It was no surprise that the bodies of the three Israeli teenagers who went missing in the West Bank on 12 June should have been found near the town of Halhul. Nowhere in the West Bank is beyond the reach of the Israeli army, but it does not permanently control Halhul, which lies at the northern entrance to the city of Hebron.
In theory, Halhul is part of the area ceded to the Palestinian Authority under the Hebron accord of 1997, which divided the city into two areas of administrative control. In practice, the Israeli soldiers who serve in Hebron will tell you they go where they want to go, without regard to lines on a map. Halhul is a convenient place to control access to Hebron: the soldiers can shut down the city by swinging a metal barrier across the main road, or set up a checkpoint to monitor the traffic. In the relatively peaceful years between 2008 and 2011, when I visited Hebron often, I used to spend hours sitting in queues of stalled cars in Halhul, waiting for the soldiers to let us pass, yet sooner or later they would retreat to their bases further south, around the Old City of Hebron, where the settlers have made their homes.
Hebron, which lies 25 miles south of Jerusalem, is the only place in the West Bank where Israelis and Palestinians live side by side. Most of the settlements are built on hilltops, at one remove from the local population, but the group of messianic Israelis who returned to Hebron after the Six Day War of 1967 chose to live in the heart of the largest Palestinian city in the West Bank. They were not there by chance: Hebron is the city of Abraham, the biblical patriarch from whom all Jews, Muslims and, to a lesser extent, Christians claim descent. It is the birthplace of the Jewish people, and the geographical, mythical and emotional heart of the world’s most intractable conflict. The settlers’ critics – who include most Israelis – accuse them of eroding the faint prospects for the “two-state solution” by encroaching on one of the few remaining enclaves in which Palestinians aspire to an autonomous existence. The settlers say they are merely continuing the work of their Zionist forebears by reclaiming Jewish land – and that there is nowhere more Jewish than Hebron.
Regardless of the legitimacy of their cause, the consequences of their presence are plain. The settlers have retreated into fortified compounds in the vicinity of the Tomb of the Patriarchs, where Abraham’s family is said to be interred, and many of their Palestinian neighbours have left. Acts of violence committed by both sides have corroded the city and undermined its claim to be the wellspring of a shared faith. Yet until recently there was a mingling of sorts around Hebron; in other parts of the West Bank, the separation of settlers from Palestinians is so complete that they even travel by different roads. Yet Route 60, the so-called Way of the Patriarchs, which runs down the spine of the Judean Hills from Jerusalem to Hebron, is open to all. The road is fortified by armoured walls and nets and lined with checkpoints, yet you’d always see off-duty Israeli soldiers or Orthodox Jews in traditional dress waiting at roadside hitching spots, such as the one near Gush Etzion where the teenagers were kidnapped.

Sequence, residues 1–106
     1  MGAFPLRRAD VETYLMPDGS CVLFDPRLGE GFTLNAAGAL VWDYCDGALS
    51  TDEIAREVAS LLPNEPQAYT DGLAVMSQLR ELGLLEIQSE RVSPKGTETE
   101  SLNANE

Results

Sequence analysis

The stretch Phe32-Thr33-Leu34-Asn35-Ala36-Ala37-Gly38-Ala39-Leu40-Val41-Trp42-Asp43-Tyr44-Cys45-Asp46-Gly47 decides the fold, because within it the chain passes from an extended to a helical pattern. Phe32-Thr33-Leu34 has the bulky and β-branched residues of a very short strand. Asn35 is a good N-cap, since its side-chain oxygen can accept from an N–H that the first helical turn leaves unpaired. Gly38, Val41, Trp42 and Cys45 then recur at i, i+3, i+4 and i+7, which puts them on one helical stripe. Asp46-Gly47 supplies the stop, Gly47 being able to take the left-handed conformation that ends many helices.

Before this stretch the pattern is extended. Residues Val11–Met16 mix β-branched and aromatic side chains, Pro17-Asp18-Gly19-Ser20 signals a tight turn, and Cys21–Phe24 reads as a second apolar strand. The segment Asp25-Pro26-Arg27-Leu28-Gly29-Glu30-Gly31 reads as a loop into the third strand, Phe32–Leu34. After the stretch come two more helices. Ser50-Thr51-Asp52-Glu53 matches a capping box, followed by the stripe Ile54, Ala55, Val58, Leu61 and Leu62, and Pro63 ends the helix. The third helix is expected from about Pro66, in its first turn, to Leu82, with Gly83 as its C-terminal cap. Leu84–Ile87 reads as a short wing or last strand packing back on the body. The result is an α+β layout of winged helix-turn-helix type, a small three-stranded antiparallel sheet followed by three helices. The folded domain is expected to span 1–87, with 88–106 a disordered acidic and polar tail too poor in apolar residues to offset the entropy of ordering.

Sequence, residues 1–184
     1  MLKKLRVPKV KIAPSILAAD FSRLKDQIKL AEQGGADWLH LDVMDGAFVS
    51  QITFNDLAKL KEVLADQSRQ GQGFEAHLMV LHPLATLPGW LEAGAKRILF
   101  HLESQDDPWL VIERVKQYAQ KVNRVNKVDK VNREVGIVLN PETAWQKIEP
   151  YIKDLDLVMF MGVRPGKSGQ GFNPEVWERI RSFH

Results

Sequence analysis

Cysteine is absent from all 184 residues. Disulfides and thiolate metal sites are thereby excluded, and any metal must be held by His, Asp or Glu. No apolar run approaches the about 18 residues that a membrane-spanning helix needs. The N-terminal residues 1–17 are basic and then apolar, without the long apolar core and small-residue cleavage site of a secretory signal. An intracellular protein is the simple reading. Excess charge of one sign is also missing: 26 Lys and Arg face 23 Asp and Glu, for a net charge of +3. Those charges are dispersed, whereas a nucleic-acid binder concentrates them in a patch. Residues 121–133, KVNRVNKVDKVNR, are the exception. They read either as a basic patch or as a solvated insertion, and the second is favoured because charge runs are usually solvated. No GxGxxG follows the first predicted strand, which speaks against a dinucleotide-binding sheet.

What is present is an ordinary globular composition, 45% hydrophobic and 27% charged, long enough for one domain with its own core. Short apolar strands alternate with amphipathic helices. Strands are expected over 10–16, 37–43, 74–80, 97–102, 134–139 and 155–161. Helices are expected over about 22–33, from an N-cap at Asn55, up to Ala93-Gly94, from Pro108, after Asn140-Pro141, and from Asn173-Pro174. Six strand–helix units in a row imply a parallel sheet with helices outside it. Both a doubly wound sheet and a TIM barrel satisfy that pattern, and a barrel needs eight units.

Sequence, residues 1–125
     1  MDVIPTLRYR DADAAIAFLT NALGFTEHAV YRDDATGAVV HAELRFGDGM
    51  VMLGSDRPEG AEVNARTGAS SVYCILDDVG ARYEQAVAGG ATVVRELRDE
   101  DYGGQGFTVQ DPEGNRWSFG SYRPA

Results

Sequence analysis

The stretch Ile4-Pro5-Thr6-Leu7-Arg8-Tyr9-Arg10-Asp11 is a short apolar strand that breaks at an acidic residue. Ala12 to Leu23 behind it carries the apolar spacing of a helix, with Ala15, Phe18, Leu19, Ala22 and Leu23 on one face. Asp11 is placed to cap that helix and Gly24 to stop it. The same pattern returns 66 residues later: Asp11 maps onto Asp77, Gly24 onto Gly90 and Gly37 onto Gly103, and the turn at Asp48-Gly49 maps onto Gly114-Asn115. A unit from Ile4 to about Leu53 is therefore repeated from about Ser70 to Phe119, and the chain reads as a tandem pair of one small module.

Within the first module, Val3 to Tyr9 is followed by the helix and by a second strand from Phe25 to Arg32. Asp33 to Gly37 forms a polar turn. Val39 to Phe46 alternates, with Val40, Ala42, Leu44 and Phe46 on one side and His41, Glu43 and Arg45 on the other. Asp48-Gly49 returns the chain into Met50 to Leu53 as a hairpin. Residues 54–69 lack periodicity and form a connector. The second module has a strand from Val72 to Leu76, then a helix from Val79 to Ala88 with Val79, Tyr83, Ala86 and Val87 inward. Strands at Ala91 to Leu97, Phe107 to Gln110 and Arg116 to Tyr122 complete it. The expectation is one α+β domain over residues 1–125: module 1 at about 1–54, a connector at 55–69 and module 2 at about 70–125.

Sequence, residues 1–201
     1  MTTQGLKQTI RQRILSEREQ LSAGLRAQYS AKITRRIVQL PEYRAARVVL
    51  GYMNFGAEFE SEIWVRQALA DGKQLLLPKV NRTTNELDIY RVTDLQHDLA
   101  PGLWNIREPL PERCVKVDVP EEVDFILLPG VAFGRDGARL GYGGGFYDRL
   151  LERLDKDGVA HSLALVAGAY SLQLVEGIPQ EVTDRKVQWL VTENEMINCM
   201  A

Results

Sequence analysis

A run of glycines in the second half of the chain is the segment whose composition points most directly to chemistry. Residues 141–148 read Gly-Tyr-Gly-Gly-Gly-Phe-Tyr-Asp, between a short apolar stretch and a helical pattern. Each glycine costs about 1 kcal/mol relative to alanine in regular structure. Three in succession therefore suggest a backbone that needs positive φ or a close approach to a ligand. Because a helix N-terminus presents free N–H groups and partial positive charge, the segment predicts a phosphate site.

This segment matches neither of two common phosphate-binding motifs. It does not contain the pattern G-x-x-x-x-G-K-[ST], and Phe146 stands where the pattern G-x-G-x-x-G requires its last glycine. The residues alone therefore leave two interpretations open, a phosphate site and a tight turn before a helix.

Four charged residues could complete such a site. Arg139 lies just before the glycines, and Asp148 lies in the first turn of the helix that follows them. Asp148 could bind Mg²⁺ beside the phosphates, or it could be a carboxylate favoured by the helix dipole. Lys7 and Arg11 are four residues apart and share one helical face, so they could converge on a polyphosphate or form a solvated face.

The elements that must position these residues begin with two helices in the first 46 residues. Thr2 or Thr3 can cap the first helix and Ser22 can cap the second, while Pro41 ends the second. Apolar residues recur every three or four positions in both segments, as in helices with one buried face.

The photographs of lines of Israeli soldiers winding through the rocky ravines and olive groves of the Hebron Hills signalled the scale of the operation undertaken to find them. The city and its environs are not only home to Israeli fanatics: they are also Hamas’s power base in the West Bank, though the Islamist group has been effectively suppressed here since 2007, when the Palestinian factions descended into civil war.
Since 2007 the Israelis have attempted to close down all organisations in the city with any connection to Hamas, including charitable groups, leaving the day-to-day task of suppressing its activities to the Palestinian Authority. But the Israeli policy of devolved policing did not outlast the signing in April of a Palestinian unity deal between Fatah and Hamas, and the murder of the three boys led to a rapid escalation of the military campaign: Israeli jets attacked Gaza and Hamas responded by saying this action “would open the gates of hell”. In the aftermath of the latest unsuccessful attempt to make a lasting peace, the region is descending into violence and recrimination again, and we are brought back to the dismal example of Hebron – a city that ought to illuminate the ideal of fraternal co-operation, but which only shows how distant the prospect has become.
Edward Platt is the author of “The City of Abraham: History, Myth and Memory – a Journey Through Hebron” (Picador, £9.99)